“The developing world has become a playground for the redemption of privileged souls looking to atone for global injustices by escaping the vacuity of modernity and globalisation…How about having volunteers advocate for their home country to change aggressive foreign and agricultural policies (such as subsidy programmes)? This might seem unrealistic but the idea is to get volunteers to understand their own (direct or indirect) role in global poverty. The idea is to get volunteers truly invested in ending poverty, and not simply to feel better about themselves.” Ossob Mohamud for the Guardian
1. Know your skills.
Before you visit an unknown place, ask yourself how you can help and what you can learn from it. Do you want to help a small community or contribute towards a larger picture? Do you really want to make a difference or do you just want it on your CV? Do you want to challenge yourself or do you expect to be pampered while you’re there? See what skills the volunteer programme is looking for and adapt to it. If you want to teach English, do a TEFL course, if you want to gain experience in wildlife conservation, do an online conservation course.
2. Be wary of working with children and orphans.
You will constantly see direct attempts by organisations that work with orphans and children who lure tourists by seducing them with wide eyes and heart-wrenching stories of abandonment. This leads to clumsy attempts to do good that end up harming communities we want to help, from teenagers fresh out of school teaching English with no experience to middle-aged professionals and retirees feeling guilty and giving absurd amounts of money to “give back” to society. Too many travellers carry a naively romantic idea of doing good while on their holidays. “Unfortunately, they are led by their hearts and not their heads and unknowingly support environments that may be abusive to children,” said Mark Turgesen, international coordinator of ChildSafe Network, which protects children from abuse.
“Voluntourism”, the fastest-growing sector of one of the fastest-growing industries on the planet.” The Guardian.
3. Research the organisation.
A good volunteering organisation should be transparent with their spending and should be able to give you a receipt for your payment, a list of donors, and a breakdown of how much goes where. If they have been running for a few years, expect an annual review or report published by the organisation and circulated among its donor. They should also have a decent monitoring and evaluation system used for reflection and analysis of what is and isn’t working, also ensure they have long-term project objectives that address the underlying causes of a problem, not just a temporary solution. By being aware of how projects that work with vulnerable people (or animals) can actually have a negative impact, you can ensure that you’re contributing to sustainable development — not working with exploitative organisations.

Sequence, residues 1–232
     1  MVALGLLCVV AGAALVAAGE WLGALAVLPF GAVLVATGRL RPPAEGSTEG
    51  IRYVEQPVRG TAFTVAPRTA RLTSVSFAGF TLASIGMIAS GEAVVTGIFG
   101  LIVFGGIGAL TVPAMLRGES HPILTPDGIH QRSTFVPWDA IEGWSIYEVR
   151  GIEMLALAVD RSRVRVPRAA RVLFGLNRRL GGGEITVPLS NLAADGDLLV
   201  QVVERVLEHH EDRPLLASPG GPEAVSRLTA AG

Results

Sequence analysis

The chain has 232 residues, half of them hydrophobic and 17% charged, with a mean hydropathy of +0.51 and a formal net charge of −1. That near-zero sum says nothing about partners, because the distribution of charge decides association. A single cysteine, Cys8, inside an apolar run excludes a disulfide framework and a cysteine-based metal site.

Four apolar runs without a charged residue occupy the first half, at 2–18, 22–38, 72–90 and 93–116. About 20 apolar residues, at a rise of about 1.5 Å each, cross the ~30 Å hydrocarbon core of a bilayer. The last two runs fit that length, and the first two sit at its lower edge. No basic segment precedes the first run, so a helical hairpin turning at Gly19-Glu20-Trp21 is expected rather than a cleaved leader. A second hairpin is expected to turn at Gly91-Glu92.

4. Learn about the place you’re going.
What communities don’t want is volunteers coming and imposing a model or a way of working that isn’t appropriate to the cultural context. Doing this well as a volunteer requires insight into your own skills and the needs of the community or volunteer placement. Learn a bit of the language, look into the history of the country and the particular area of interest you will be working in. Find out what is important to people in terms of respect and way of life, things like dressing appropriately and avoiding certain subjects of conversation can go a long way. Many volunteers are also extremely unprepared for the conditions they are going into, be ready to see extremely impoverished villages, traumatised populations or dangerous conditions.
5. Build capacity, not dependency
The best projects are those where external expertise and local expertise join together in a fruitful meeting of minds and commitment. The key is to build capacity within the community through working alongside them and learning from each other – give trainings if required, see how you can make your role as a support system eventually unnecessary.